Dordrecht, (1972). The entire volume offered here. 8vo. Orig. full blue cloth w. gilt lettering to spine. Very minor wear to extremities. Orig. blue and white printed dust-jacket in excellent condition w. only very minor bumping to a few corners. Two single very small brown spots. Internally nice and clean, w. marginal annotations, in light pencil only, to parts of "Naming and Necessity" and w. an inlaid leaf w. cont. notes to the same. A crease to pasted down front endpaper. An excellent, nice and clean copy of this thick book, which is difficult to find in good condition. Pp. (251) - 355. [Entire volume: X, 769, (3) pp.]. The rare first printing of Kripke's seminal main work, which restructured philosophy of language. The work is based on three lectures from 1970, which constitute an attack on Fregean and Russellian theories of reference with respect to proper names. It was originally published, as it is here, in Davidson and Harman's "Semantics of Natural Language", and it only appeared in the second edition, which is the first separate edition, eight years later, in 1980. The first printing of this groundbreaking work is difficult to come by in good condition, and Kripke's works in general are rare. Many of them remain unpublished and are only known in privately circulated manuscripts. The American philosopher Saul A. Kripke (born 1940) is an exceedingly important logician and philosopher of language and one of the most powerful and influential thinkers of analytic and Anglo-American philosophy. He is considered the greatest living philosopher and perhaps the greatest since Wittgenstein. In 2001 he was awarded the Schock Prize in Logic and Philosophy, which is considered the philosopical equivalent of the Nobel Prize. His main work, "Naming and Necessity," is doubtlessly among the most influential books of philosophy published within the last 50 or hundred years. Before the publication of Kripke's "Naming and Necessity" analytic philosophy was moving in the direction of linguistic idealism, which propounded the theory that man is trapped in language and that language is not "tuned" to the world. Almost on his own, practically only aided by the publication of his "Naming and Necessity", Kripke changed this entire direction of philosophy and, according to most logicians, brought the philosophy of language back on track. In 1980, when the second edition of this most influential work appeared, "London Review of Books" write the following about the influence of the first edition: "When these lectures were first published eight years ago, they stood analytic philosophy on its ear. Everybody was either furious, or exhilarated, or thoroughly perplexed. No one was indifferent." And it is true, there can be no doubt about the impact that this book made on the world of philosophy of language and logic.Kripke's work leads an attack on descriptivist theories of proper names that brings it a status comparable to that of the main works of Wittgenstein, Russell and Frege. It is also these three giants of philosophy that he criticizes, attributing to each of them variants of descriptivist theories that he then rejects. These descriptivist theories have that in common that they claim that names of individuals and properties function like definite descriptions. They are either synonymous with descriptions, or they get their reference by being associated with a description or a bunch of descriptions that an object satisfies uniquely. Kripke disproves this theory, claiming that it goes against our modal intuitions. The validity of our modal intuitions, again, are proven by the hugely influential notion of "possible worlds", which is traditionally used to systematize the semantics of modal statements. As opposed to definite descriptions, names rigidly refer to their referents, and they do so in every possible world in which the referent exists. Kripke here also establishes his "causal theory" of reference, according to which names refer to their referents by being appropriately causally connected to them. Thus, Kripke provides numerous examples that renders descriptivism implausible as a theory of how names get their reference determined at the same time as he provides the solution through his causal theory of reference, stating firmly that the meaning of a name is simply the object that it refers to.This work provides several groundbreaking theories for the fields of philosophy of logic and language, which it has seminally come to change. The work almost single-handedly changed the fate that phiilosophy stood to fall with within the analytic tradition, -that it was nothing more than the analysis of language. As such, it now ranks as one of the most important works of 20th century philosophy. It is even, by some, regarded as one of the most important works of philosophy ever, and it is difficult to overestimate the importance of this seminal work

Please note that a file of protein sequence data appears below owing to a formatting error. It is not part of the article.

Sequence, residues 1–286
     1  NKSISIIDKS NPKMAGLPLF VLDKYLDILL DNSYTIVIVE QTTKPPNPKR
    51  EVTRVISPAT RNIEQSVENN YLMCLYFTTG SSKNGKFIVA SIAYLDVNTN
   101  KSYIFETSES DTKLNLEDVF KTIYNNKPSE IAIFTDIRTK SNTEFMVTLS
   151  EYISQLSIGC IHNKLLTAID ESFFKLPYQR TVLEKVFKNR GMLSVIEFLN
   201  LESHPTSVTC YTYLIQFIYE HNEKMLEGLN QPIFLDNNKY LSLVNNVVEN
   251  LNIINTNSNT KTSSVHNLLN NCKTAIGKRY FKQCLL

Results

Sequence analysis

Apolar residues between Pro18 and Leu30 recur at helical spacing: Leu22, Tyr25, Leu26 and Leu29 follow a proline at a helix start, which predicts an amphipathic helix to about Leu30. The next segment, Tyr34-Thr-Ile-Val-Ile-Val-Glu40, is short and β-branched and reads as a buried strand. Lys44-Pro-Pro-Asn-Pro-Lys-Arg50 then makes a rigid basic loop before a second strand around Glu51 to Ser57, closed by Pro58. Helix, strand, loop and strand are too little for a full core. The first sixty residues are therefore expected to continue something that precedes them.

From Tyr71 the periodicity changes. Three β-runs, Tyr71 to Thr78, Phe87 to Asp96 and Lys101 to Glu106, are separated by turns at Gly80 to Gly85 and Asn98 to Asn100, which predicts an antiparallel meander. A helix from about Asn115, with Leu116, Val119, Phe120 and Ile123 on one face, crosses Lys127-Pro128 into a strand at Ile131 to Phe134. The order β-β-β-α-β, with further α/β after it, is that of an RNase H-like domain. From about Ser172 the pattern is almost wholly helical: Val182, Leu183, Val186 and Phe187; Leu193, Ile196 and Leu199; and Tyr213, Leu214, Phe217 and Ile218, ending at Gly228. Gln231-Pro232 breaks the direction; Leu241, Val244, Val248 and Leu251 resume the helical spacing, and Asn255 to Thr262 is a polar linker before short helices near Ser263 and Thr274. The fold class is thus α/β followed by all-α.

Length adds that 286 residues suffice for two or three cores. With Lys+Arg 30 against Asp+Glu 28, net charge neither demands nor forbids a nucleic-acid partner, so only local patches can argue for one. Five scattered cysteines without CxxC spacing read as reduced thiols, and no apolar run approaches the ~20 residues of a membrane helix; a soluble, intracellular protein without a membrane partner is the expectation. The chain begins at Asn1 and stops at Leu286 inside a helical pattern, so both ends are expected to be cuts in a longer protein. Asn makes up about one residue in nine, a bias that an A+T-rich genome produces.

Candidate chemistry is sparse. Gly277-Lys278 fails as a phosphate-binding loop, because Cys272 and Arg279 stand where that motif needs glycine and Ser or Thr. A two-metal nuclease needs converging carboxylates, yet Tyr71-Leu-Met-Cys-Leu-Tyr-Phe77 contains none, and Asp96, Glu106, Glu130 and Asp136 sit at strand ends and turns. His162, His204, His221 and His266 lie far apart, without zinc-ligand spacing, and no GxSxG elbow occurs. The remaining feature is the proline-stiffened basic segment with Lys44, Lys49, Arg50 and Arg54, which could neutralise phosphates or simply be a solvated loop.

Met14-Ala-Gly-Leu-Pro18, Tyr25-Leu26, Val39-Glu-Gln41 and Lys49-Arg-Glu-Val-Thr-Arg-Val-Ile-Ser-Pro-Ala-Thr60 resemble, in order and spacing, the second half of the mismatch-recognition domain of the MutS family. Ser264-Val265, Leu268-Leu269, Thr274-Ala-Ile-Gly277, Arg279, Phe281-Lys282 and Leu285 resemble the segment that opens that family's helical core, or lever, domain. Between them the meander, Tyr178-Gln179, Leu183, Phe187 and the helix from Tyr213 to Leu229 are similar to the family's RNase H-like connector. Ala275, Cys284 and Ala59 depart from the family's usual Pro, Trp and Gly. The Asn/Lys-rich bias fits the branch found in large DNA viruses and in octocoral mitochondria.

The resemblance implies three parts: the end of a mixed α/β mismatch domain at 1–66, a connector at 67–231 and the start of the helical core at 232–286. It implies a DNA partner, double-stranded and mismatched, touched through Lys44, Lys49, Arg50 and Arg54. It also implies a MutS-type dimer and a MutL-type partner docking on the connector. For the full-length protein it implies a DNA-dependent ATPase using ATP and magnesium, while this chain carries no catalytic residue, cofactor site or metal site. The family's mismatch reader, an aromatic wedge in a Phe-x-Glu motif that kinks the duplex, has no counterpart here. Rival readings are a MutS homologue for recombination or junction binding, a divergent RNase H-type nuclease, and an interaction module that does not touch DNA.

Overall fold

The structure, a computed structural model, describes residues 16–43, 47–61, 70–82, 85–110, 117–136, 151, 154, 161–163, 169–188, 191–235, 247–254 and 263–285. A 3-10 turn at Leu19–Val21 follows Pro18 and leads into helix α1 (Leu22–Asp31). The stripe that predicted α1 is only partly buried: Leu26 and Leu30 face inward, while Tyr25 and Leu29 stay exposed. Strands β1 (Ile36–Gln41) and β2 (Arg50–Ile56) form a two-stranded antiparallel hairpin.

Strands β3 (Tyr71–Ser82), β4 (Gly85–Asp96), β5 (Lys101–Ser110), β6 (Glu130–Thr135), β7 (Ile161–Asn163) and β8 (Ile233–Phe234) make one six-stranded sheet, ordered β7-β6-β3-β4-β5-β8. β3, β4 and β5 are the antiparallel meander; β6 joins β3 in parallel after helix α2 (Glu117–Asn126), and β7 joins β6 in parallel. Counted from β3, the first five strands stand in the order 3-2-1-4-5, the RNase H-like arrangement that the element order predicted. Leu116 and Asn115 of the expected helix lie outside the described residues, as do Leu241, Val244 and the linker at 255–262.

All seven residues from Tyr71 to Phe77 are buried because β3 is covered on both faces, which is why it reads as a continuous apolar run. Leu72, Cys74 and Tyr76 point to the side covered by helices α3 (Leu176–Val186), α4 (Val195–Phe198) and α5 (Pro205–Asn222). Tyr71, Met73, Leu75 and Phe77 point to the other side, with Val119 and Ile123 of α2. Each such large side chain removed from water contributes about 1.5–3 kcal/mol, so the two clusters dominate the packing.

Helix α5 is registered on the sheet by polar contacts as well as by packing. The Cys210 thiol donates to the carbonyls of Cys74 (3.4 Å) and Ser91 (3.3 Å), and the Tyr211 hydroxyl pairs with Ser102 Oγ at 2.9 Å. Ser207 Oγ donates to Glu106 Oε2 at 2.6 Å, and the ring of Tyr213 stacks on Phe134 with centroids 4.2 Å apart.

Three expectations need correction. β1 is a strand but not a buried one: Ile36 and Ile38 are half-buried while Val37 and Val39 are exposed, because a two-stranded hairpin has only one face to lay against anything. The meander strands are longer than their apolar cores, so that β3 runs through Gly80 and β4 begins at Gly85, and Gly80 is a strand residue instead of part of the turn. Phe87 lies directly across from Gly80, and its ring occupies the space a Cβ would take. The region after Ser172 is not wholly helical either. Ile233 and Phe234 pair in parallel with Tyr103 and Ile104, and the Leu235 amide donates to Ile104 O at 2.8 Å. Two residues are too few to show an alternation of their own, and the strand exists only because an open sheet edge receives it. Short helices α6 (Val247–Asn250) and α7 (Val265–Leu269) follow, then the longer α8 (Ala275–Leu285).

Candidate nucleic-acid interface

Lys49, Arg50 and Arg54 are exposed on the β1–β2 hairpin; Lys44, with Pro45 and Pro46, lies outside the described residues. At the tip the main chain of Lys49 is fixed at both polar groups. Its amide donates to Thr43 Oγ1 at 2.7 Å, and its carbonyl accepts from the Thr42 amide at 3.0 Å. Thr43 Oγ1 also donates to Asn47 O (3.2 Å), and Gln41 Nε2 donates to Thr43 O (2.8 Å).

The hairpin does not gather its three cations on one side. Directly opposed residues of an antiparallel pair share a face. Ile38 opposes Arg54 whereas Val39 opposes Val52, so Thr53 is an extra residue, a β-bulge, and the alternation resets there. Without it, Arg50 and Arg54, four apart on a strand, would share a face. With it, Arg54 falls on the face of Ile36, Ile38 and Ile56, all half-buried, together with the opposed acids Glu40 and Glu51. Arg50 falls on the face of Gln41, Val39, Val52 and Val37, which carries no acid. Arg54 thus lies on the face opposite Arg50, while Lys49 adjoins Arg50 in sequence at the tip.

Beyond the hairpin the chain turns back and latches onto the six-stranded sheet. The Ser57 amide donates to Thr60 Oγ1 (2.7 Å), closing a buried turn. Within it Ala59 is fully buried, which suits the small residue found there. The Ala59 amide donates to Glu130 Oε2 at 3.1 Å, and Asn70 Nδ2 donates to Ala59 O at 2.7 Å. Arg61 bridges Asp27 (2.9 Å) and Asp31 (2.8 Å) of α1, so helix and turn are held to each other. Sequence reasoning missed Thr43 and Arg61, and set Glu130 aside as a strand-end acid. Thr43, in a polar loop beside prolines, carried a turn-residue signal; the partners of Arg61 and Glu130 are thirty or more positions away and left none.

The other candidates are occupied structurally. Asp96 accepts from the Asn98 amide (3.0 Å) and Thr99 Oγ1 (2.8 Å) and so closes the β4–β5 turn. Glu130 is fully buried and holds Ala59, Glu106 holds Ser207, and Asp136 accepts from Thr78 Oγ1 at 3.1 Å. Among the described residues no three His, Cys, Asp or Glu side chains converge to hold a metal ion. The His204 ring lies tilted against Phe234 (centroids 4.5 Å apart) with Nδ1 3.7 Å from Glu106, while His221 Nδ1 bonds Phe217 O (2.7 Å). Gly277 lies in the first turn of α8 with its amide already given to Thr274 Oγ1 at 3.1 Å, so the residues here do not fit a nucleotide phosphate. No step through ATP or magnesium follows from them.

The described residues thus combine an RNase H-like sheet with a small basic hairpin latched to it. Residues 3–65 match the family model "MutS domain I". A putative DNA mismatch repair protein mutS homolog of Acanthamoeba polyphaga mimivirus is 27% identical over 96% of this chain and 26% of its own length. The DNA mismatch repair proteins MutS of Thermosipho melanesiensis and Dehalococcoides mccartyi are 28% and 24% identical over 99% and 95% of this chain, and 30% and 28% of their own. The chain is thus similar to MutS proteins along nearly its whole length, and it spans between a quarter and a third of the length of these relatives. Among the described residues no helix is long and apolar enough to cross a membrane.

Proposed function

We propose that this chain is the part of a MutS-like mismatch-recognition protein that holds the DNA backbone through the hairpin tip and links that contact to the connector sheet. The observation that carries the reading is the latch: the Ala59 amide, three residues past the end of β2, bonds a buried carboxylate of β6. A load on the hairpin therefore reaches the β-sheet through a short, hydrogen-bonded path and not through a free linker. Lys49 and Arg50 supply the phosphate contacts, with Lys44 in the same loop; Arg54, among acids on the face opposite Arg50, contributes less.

[Bookseller: Lynge & Søn A/S]